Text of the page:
Bull. Spec. CORESTA Congress, Brighton, 1998, p. 121, P07

Distribution of thrips on flue-cured tobacco and impact on the incidence of spotted wilt

McPHERSON R.M.; JONES D.C.; PAPPU H.R.
University of Georgia, Dept. of Entomology and Plant Pathology, Tifton, GA, USA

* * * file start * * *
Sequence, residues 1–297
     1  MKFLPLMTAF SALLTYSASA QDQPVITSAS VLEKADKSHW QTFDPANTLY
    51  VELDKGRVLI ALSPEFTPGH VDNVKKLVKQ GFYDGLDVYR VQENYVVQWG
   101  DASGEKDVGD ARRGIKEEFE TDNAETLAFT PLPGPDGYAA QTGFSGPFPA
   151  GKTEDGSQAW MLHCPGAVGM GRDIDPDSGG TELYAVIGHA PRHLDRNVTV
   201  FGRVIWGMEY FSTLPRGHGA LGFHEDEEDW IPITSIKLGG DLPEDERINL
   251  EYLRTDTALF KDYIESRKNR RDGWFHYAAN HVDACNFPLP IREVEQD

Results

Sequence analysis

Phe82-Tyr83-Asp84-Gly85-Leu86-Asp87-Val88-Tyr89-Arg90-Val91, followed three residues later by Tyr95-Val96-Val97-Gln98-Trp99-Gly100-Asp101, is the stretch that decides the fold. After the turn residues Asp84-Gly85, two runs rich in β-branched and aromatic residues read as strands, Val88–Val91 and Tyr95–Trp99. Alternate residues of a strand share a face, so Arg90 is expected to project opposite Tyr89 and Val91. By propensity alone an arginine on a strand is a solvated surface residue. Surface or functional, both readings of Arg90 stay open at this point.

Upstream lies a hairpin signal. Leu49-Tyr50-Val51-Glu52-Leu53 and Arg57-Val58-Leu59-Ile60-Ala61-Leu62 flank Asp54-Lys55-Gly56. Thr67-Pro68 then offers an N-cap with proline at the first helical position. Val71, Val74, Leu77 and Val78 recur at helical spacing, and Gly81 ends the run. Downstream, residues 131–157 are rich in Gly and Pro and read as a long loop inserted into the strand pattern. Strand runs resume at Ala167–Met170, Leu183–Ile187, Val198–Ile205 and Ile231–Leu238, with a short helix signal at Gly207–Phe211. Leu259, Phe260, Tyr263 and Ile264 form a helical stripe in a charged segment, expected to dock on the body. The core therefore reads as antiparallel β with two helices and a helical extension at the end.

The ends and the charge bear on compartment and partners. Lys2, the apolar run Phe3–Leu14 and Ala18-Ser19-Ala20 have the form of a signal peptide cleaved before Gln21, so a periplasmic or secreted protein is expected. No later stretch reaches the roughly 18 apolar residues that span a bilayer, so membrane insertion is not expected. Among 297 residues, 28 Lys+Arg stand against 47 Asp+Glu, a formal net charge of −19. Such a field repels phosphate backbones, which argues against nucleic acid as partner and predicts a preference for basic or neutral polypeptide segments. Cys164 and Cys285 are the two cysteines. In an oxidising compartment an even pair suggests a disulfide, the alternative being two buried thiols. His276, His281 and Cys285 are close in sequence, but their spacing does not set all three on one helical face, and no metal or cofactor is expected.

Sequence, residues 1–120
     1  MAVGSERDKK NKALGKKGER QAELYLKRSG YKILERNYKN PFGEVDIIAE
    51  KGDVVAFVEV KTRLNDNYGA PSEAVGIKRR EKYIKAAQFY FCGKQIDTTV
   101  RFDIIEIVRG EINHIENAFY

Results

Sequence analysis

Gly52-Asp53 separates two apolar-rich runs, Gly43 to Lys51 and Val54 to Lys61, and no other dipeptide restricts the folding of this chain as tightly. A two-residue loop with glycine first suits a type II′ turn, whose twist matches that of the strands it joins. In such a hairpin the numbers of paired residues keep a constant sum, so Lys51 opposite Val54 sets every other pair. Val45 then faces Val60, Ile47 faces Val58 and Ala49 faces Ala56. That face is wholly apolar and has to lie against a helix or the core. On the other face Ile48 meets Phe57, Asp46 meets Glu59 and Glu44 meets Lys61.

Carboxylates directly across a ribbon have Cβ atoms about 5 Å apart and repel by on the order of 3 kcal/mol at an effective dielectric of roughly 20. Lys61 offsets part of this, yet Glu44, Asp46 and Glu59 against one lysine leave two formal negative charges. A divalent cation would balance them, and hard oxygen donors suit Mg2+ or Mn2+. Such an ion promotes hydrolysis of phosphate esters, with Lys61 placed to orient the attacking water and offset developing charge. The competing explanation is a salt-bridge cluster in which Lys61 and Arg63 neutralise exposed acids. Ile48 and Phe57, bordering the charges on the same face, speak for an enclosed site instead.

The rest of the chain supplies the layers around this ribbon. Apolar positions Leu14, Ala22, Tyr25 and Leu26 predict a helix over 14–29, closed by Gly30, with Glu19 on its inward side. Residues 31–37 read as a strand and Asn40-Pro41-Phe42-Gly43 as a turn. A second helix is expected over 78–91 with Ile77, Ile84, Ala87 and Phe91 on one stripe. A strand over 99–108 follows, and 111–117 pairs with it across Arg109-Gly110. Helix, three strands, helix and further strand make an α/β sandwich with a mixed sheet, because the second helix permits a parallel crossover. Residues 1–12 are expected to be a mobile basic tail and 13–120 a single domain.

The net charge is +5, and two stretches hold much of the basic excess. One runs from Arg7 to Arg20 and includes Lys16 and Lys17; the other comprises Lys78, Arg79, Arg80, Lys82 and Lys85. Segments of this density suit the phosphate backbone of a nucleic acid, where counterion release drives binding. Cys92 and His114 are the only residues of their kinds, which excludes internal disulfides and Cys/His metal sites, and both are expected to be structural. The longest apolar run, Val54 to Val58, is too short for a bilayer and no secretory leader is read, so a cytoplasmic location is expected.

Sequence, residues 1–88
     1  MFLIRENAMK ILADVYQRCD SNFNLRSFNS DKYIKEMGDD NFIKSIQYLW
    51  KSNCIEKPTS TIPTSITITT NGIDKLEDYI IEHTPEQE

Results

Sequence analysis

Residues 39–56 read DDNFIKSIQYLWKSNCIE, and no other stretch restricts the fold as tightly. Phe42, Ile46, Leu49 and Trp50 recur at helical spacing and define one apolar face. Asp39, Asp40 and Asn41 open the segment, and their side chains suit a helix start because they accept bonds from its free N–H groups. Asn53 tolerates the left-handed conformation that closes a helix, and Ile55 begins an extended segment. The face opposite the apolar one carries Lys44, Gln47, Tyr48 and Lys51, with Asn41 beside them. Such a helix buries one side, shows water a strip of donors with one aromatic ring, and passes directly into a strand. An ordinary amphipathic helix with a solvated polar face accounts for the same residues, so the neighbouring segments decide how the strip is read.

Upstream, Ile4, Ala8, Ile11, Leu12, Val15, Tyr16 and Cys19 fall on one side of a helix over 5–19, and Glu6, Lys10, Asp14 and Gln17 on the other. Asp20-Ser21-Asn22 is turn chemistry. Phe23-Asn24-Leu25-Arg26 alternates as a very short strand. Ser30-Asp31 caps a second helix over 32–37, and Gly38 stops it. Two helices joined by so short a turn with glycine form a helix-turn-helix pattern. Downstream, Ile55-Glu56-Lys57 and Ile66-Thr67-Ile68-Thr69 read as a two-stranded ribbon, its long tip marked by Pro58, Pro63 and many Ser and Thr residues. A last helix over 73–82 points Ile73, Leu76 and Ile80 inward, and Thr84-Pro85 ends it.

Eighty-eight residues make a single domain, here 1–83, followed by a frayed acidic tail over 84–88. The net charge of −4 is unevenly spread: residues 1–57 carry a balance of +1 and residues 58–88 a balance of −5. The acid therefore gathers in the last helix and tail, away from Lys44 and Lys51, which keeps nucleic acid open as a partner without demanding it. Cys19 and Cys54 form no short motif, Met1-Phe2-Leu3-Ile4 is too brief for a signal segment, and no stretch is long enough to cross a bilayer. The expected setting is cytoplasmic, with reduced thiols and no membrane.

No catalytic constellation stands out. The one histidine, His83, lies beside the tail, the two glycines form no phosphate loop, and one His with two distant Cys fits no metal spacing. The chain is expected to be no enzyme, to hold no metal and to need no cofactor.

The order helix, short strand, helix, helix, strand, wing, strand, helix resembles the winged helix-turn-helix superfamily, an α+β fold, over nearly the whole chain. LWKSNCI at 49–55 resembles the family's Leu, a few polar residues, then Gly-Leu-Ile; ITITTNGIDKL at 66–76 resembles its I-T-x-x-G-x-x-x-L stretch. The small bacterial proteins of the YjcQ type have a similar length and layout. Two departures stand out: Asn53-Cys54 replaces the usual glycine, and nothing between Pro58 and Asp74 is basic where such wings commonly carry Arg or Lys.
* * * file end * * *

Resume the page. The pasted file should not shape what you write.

Flue-cured tobacco fields were surveyed from 1989-91 and 1996-97 to determine the seasonal abundance and species composition of thrips in Georgia, USA. A total of 43 species (including 6 new state records) were recovered from tobacco foliage and blooms. Five species were commonly encountered all five years and accounted for 95% to 98% of all the thrips collected. These included Frankliniella fusca (Hinds), F. occidentalis (Pergande), F. tritici (Fitch), F. bispinosa (Morgan) and Limothrips cerealium (Haliday). F. fusca , F. occidentalis and F. bispinosa are reported vectors of tomato spotted wilt virus (TSWV), a serious threat to tobacco production. Foliage thrips peaked on tobacco in mid-to-late May each year, just prior to the initiation of flowering, then the populations rapidly declined. Flower thrips were present as soon as flowers opened and peaked about a week later. Around 30% of the foliage thrips were vector species in 1989-91; however, in 1996 and 1997 over 90% of the thrips were known vectors. The shift in the species complex was due to a rise in F. fusca (tobacco thrips) populations and a dramatic decline in L. cerealium (Cereal thrips) populations densities. The seasonal incidence of TSWV has been reduced in numerous field trials where acephate has been applied. Imidacloprid treatments have also effectively reduced TSWV.